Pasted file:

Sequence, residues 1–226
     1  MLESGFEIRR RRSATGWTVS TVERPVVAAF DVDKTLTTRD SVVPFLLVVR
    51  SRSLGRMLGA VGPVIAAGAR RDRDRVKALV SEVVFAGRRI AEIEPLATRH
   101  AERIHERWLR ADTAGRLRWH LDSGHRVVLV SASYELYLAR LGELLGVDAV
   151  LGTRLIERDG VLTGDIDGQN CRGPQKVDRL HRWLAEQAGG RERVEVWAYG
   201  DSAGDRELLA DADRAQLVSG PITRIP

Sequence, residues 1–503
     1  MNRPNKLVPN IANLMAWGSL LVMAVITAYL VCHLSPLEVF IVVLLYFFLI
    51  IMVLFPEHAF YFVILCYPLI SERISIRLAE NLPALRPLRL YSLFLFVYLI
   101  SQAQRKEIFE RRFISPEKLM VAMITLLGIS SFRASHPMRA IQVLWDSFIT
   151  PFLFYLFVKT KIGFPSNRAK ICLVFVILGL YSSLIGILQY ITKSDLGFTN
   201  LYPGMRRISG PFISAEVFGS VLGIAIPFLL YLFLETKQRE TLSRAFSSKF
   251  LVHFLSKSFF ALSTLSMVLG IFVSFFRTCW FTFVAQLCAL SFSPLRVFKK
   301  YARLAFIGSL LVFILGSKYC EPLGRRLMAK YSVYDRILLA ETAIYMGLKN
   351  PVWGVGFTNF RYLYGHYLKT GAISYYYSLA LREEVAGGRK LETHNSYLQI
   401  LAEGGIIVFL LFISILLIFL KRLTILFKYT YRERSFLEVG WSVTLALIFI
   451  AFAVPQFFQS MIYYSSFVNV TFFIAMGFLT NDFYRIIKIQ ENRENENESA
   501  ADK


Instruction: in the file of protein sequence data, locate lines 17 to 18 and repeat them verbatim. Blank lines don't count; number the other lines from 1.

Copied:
   451  AFAVPQFFQS MIYYSSFVNV TFFIAMGFLT NDFYRIIKIQ ENRENENESA
   501  ADK